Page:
Miss McIntosh: To ask the Secretary of State for the Home Department what recent representations he has made to his French counterpart on security on rail freight using the channel tunnel. [23315]

Angela Eagle: My right hon. Friend the Prime Minister raised the current severe disruption to rail freight services through the channel tunnel with French Prime Minister Lionel Jospin on 29 November. He had previously written to M. Jospin on this subject on 16 November.

My right hon. Friend the Home Secretary is in regular contact with his French counterpart Daniel Vaillant about the channel tunnel and other immigration matters. In addition, my right hon. Friend the Minister for Transport has both written and spoken to M. Gayssot, the French Transport Minister, emphasising the need for a speedy resolution.

Home Office officials and those from the Department for Transport, Local Government and the Regions are also in close contact with their French counterparts on a range of issues, including the security improvements required to allow the early resumption of full rail freight services. On 3 December, the head of security for SNCF informed the UK Immigration Service of their intention to speed up the improvements to anti-intrusion measures at the Frethun freight yard.

Prisoners

Adam Price: To ask the Secretary of State for the Home Department what action he is taking to reduce the prison population. [23971]

Beverley Hughes: The Government believe that prison is right for dangerous, serious and some persistent offenders and that sentences should be as long as necessary for punishment and public protection, but no longer.

Home detention curfew plays an important role by enabling prisoners to be released from prison early, while still subject to restrictions placed on their liberty. This facilitates a smoother and more effective integration back into the community and helps offenders to secure or resume employment or training as soon as possible.

The Government believe that community punishments can make a major impact and support their increased use, particularly for some non-violent offenders such as those convicted of theft and handling, or fraud. The Government's reform of the probation service, with its focus on reducing re-offending, means that rigorously enforced community sentences are a real and tough alternative to imprisonment. Changes already introduced, for example the Drug Testing and Treatment Order and the ability of Courts to impose community punishment, rehabilitation orders and curfew orders as one sentence, should enable sentencers to consider a robust community sentence as an alternative to imprisonment.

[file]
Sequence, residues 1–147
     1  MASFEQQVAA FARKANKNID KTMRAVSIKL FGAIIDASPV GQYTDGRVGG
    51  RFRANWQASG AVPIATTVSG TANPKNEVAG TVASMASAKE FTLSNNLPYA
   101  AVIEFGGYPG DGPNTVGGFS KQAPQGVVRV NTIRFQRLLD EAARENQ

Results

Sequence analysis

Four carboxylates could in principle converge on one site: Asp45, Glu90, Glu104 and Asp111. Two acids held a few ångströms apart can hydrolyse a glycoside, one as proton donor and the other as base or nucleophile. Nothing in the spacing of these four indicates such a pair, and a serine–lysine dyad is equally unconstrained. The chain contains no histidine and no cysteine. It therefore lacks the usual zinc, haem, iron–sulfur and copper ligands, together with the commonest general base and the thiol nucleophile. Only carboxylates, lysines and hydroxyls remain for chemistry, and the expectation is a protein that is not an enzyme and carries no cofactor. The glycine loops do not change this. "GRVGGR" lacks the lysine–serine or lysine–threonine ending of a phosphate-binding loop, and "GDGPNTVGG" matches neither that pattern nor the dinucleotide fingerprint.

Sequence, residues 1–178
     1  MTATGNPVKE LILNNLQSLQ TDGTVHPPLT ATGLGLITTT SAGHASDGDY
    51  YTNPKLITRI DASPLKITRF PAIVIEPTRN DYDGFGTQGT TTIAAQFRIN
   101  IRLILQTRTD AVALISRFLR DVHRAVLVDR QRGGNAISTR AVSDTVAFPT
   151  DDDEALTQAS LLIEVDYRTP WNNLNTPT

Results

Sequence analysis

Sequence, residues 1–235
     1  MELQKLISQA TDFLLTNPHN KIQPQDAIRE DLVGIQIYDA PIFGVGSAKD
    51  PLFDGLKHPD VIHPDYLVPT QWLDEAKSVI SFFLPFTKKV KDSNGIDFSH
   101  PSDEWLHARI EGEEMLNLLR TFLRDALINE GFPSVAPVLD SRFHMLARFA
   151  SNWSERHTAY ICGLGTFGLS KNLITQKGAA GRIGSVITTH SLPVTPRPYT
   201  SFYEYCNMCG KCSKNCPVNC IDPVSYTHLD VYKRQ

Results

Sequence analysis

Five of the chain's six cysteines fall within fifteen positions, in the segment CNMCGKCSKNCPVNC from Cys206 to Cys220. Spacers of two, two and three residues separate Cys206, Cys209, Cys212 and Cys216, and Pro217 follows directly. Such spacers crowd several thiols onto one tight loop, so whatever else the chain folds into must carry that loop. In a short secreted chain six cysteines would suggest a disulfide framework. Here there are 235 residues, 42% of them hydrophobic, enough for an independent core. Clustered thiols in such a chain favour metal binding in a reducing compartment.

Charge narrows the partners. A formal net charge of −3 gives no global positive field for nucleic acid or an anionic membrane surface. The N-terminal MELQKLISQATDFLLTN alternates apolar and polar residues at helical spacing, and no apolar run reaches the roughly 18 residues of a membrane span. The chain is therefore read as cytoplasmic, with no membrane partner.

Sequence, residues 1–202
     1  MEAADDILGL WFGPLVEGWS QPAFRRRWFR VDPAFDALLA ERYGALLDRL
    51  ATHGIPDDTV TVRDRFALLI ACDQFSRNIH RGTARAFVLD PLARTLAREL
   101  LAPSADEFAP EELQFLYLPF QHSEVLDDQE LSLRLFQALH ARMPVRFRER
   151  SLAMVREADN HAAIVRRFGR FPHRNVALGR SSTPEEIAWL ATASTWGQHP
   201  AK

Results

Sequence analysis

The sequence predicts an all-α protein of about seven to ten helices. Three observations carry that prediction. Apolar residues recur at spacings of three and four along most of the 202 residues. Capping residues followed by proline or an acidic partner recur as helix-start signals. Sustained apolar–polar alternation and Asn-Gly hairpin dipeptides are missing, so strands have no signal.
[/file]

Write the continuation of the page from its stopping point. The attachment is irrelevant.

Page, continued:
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In the longer term the proposed sentencing reforms, including sentencing guidelines and new flexible sentences incorporating both custody and supervision, should have a significant impact. In this context the Government are also exploring the scope for innovative new sentences, such as intermittent custody, and for restorative justice interventions.

Mr. Stinchcombe: To ask the Secretary of State for the Home Department what the average distance was from the committal court at the time of release for (a) male prisoners, (b) female prisoners and (c) young offenders in the last 12 months for which figures are available. [23902]

Beverley Hughes: Data are not available on the distance prisoners are held away from committal court at the time of release. However, data are collected periodically on the distance prisoners are currently held away from committal court. The latest figures, obtained on 30 September 2001 are set out in the table.

Miles

Population groupAverage distance prisoners are held away from committal court
Male prisoners(72)53
Female prisoners(72)63
Young offenders(73)50

(72) Including young offenders.

(73) Male and female, including juveniles.


Mr. Stinchcombe: To ask the Secretary of State for the Home Department how many bail information schemes are in operation in women's prisons; and how many staff work in each of them. [23901]

Beverley Hughes: Each of the seven female establishments that hold remand prisoners operate a bail information scheme. They are required to have sufficient trained staff to provide all eligible prisoners with the facilities necessary to assist in their applications for bail. These duties may be shared between a number of staff. The number of staff involved in providing bail information at one time will vary according to the size of the remand population.